Updating SQL Tables from Excel: A New Approach (Part 1)
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In a previous blog article, Ambika presented a neat method to update an SQL table from Excel. This proved to be useful for many of our customers but could somewhat be painful for those wishing to update many rows. Today, an increasing number of XLCubed customers use Excel as a planning sandbox and often want to writeback a whole set of records back to the source SQL database at once.
In this article we will describe how you can writeback data to SQL and write only the changed values to the source table in one single pass by executing a stored procedure.
Part 1: Preparing the Table
The example table to be updated
We will use a similar example as the one used in the previous article: we want to update the salary and Commission % of Sales Representative.
Below is the query we want to display to the user. Only the last 2 columns “Salary” and “Commission %” should be editable, so any change made in the other columns will simply be ignored.
Defining named ranges
Using name ranges in Excel is a general recommended practice in Excel. Named ranges makes Excel formulas easier and safer and also greatly reduce the hassle of formulae maintenance.
In our example, as the number of rows displayed depends on the choice made in the “Departments” and “Job” slicers, we need a way to make sure we always consider the correct range of cells. The good news is that we won’t have to worry about anything as we will delegate this management to XLCubed: it will update the required ranges of cells as needed depending on the filters applied to the query.
In the table properties window, we click the “Add” button in the “Interaction” section. Then we define the named ranges we need:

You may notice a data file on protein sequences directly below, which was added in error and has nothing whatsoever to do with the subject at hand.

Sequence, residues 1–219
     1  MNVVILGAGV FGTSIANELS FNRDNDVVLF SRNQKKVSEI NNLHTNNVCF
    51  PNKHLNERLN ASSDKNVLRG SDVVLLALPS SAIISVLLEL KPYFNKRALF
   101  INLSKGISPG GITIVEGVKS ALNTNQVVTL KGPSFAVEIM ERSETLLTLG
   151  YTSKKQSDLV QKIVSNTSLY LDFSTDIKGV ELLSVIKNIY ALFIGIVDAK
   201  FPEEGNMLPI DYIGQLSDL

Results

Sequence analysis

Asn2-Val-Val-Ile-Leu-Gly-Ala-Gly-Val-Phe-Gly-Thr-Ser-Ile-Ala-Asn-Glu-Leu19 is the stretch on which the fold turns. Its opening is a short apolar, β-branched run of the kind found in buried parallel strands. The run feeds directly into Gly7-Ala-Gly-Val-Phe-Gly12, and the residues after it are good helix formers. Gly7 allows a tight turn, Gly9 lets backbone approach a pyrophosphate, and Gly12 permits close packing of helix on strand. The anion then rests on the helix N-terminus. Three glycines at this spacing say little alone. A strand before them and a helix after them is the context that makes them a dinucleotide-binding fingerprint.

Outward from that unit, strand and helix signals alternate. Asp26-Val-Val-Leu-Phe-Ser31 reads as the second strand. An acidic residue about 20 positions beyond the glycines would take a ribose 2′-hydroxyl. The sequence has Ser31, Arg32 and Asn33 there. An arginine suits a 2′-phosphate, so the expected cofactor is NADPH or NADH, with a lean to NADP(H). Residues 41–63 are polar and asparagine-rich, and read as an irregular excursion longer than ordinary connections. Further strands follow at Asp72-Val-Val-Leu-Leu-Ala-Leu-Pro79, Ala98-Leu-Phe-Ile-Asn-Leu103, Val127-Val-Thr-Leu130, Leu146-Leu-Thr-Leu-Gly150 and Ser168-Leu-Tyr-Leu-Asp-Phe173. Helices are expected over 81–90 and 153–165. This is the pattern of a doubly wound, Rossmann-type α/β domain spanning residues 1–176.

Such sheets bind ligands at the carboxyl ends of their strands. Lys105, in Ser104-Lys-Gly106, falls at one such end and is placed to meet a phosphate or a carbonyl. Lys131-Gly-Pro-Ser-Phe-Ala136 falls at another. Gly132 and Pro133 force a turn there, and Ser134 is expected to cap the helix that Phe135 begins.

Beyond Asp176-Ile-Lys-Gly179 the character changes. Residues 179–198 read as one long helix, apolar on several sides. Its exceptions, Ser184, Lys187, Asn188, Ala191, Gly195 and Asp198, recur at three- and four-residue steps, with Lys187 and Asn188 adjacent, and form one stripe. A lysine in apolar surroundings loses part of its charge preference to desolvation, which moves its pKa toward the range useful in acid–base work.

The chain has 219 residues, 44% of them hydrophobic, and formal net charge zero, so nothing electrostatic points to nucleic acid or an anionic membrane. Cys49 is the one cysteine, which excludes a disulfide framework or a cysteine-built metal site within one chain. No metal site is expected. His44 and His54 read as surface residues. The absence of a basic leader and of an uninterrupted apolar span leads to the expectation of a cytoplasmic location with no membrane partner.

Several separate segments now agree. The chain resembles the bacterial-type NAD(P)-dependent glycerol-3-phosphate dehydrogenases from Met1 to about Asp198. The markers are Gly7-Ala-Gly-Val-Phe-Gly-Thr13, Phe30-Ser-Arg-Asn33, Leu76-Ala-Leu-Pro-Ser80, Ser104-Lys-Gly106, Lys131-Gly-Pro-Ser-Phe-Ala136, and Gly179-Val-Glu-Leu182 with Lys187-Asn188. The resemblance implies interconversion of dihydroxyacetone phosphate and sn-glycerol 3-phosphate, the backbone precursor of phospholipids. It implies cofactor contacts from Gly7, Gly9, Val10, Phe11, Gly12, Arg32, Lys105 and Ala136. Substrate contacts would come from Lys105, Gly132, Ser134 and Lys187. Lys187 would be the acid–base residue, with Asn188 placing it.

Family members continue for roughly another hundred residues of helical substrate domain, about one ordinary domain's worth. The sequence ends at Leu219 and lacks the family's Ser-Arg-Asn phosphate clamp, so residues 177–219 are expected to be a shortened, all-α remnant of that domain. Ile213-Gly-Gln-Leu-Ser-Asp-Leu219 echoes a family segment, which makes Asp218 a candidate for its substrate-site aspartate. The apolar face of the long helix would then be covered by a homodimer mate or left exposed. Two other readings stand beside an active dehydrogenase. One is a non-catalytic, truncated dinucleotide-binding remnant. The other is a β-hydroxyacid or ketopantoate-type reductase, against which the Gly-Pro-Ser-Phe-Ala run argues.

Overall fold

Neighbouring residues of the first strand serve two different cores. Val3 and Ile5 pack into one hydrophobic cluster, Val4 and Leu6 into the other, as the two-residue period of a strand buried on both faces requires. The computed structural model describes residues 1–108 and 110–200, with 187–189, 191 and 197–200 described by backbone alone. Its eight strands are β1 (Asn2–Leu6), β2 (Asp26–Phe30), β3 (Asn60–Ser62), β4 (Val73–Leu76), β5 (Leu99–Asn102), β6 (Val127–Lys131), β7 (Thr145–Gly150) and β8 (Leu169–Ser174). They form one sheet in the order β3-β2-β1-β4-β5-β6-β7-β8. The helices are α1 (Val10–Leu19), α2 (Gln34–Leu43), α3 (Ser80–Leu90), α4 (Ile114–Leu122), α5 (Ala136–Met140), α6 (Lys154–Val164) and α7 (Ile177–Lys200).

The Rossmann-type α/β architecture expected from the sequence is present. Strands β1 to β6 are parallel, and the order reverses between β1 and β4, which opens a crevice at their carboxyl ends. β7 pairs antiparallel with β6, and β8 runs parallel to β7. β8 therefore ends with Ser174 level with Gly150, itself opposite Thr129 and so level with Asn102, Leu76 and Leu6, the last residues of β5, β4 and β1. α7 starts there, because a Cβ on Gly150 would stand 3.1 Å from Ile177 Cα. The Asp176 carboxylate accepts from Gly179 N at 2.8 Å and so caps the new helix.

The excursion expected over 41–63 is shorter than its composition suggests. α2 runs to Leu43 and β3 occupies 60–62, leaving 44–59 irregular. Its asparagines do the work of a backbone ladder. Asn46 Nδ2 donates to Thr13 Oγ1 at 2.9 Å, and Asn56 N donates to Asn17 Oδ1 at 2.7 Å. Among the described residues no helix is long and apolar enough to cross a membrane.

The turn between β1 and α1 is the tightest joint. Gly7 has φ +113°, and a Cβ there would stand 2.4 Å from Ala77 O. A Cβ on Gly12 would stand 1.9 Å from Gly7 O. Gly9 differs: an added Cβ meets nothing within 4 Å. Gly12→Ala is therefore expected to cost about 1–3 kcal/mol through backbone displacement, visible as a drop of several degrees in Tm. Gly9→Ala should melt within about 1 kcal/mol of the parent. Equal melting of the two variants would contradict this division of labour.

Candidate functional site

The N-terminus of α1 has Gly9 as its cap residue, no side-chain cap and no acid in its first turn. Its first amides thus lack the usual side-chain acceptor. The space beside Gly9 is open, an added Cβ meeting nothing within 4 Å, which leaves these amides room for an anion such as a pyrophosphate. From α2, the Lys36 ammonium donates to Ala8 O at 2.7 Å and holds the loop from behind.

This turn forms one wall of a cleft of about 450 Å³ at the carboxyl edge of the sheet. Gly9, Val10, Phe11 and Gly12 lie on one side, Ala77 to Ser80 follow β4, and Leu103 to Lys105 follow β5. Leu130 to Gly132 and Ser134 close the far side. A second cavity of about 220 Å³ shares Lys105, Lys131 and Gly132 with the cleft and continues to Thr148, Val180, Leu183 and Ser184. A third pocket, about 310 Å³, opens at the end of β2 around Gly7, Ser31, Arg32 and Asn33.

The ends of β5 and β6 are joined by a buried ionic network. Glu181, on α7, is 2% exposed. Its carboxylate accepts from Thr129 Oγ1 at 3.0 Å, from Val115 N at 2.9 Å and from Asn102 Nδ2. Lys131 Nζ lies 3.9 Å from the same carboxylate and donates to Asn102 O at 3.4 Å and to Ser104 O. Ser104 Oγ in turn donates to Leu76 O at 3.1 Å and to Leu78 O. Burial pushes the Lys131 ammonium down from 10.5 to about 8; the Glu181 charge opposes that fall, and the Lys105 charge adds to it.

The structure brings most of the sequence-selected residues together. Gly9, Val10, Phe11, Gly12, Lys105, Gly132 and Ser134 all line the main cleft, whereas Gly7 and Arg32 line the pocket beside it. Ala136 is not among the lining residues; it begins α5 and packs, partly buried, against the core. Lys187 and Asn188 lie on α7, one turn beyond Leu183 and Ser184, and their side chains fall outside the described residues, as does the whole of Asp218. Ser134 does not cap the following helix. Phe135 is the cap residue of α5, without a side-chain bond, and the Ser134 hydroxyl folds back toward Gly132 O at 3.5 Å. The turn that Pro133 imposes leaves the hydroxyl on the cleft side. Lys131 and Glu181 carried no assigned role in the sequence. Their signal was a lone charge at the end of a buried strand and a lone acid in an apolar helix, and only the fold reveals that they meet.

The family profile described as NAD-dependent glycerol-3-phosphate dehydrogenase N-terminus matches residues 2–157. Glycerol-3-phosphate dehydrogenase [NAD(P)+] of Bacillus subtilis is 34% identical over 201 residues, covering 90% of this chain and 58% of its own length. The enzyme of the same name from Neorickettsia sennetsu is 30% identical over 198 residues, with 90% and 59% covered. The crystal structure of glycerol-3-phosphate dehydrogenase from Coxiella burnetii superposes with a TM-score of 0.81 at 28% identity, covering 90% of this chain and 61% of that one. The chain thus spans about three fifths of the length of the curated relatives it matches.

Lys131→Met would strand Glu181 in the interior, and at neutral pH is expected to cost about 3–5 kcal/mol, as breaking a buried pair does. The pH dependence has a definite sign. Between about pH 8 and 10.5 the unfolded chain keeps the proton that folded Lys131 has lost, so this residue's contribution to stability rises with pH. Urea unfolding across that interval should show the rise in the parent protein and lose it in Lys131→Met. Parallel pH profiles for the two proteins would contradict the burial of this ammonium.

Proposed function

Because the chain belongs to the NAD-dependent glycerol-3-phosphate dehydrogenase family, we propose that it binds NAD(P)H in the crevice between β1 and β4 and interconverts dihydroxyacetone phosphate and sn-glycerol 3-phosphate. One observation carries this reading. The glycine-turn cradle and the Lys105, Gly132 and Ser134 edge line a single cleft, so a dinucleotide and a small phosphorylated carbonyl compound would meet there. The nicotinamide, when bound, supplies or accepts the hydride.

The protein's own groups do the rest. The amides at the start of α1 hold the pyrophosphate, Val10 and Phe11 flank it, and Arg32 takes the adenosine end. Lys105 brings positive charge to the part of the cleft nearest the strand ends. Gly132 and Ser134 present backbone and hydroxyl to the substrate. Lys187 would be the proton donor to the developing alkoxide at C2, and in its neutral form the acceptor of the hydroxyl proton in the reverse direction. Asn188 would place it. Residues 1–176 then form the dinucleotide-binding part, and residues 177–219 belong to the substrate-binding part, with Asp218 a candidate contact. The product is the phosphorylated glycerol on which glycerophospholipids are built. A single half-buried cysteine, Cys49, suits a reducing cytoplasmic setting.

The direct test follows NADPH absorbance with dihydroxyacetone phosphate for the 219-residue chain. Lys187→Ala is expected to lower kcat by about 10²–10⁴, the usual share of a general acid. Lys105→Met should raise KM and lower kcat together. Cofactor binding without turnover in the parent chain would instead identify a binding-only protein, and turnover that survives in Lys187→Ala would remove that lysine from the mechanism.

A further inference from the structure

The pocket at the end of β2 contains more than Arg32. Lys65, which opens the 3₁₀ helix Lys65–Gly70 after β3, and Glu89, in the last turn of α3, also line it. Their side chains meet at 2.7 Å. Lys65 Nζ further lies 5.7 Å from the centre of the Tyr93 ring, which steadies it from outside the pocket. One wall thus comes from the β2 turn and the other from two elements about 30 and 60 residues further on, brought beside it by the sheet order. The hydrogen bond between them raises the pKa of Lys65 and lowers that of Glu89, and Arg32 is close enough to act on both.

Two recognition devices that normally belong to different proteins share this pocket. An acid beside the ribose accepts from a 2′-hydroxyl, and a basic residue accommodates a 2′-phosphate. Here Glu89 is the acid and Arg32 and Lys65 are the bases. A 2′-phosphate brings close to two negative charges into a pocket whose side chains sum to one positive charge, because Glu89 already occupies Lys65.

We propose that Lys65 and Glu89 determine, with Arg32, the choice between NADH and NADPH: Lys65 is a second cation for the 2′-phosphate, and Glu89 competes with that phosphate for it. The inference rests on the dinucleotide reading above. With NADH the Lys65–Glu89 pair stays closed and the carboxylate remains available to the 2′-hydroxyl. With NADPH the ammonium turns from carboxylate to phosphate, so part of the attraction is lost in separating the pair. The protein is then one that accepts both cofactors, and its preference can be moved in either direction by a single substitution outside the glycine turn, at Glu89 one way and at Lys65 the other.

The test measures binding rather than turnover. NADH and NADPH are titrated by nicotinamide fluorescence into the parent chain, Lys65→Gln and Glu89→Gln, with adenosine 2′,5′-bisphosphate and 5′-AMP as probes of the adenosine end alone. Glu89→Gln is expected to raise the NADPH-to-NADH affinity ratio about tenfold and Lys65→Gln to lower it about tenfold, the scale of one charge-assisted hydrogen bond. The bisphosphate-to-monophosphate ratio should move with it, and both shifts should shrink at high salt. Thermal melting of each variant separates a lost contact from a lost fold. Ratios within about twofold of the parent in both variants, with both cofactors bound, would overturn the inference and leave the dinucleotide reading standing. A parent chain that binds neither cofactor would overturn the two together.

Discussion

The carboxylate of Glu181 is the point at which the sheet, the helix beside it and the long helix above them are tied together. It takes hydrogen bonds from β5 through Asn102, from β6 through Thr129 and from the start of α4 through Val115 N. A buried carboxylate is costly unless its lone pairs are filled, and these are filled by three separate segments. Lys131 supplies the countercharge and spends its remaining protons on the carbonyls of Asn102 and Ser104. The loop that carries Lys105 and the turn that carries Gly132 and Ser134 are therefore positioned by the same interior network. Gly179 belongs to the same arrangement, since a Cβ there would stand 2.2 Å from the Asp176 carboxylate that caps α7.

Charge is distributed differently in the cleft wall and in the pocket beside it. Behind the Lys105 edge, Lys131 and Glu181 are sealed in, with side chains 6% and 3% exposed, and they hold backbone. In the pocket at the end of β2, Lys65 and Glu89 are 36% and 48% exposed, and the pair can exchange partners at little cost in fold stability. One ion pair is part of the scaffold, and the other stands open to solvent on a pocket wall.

This gives us 4 new named ranges that XLCubed will automatically update according to the number of rows in the query.
We want the user to be able to cancel any edits and revert to the original values.
This is achieved by the “Clear Edits” link in cell $N$4 which uses a standard “XL3Link” formula. It can be easily edited through the right click menu: in this case, the formula writes TRUE to cell $T$5.
Let’s now unhide the columns next to the grid. We see that $U$5 contains an “XL3RefreshObjects” formula that refers to cell $T$5. As you may have guessed, this means that whenever $T$5 is set to TRUE, the “XL3RefreshObjects” formula will be fired which will then refresh any table or grid in the current sheet, thus reverting all cells of the query to their original value.
Highlighting changed values
Another thing we want is to highlight the cells that changed to make things easier for the user
In order to achieve this, we simply compare the current values displayed in columns N and O to the original ones stored in columns L and M that are hidden. We then use a standard Excel conditional format rule made of a simple Excel formula to highlight the values that are different from the originals.
So now when a user makes an edit, the cell is highlighted:
Our query is ready for the update now. You can read part 2 that explains how only changed rows will be updated in the SQL table.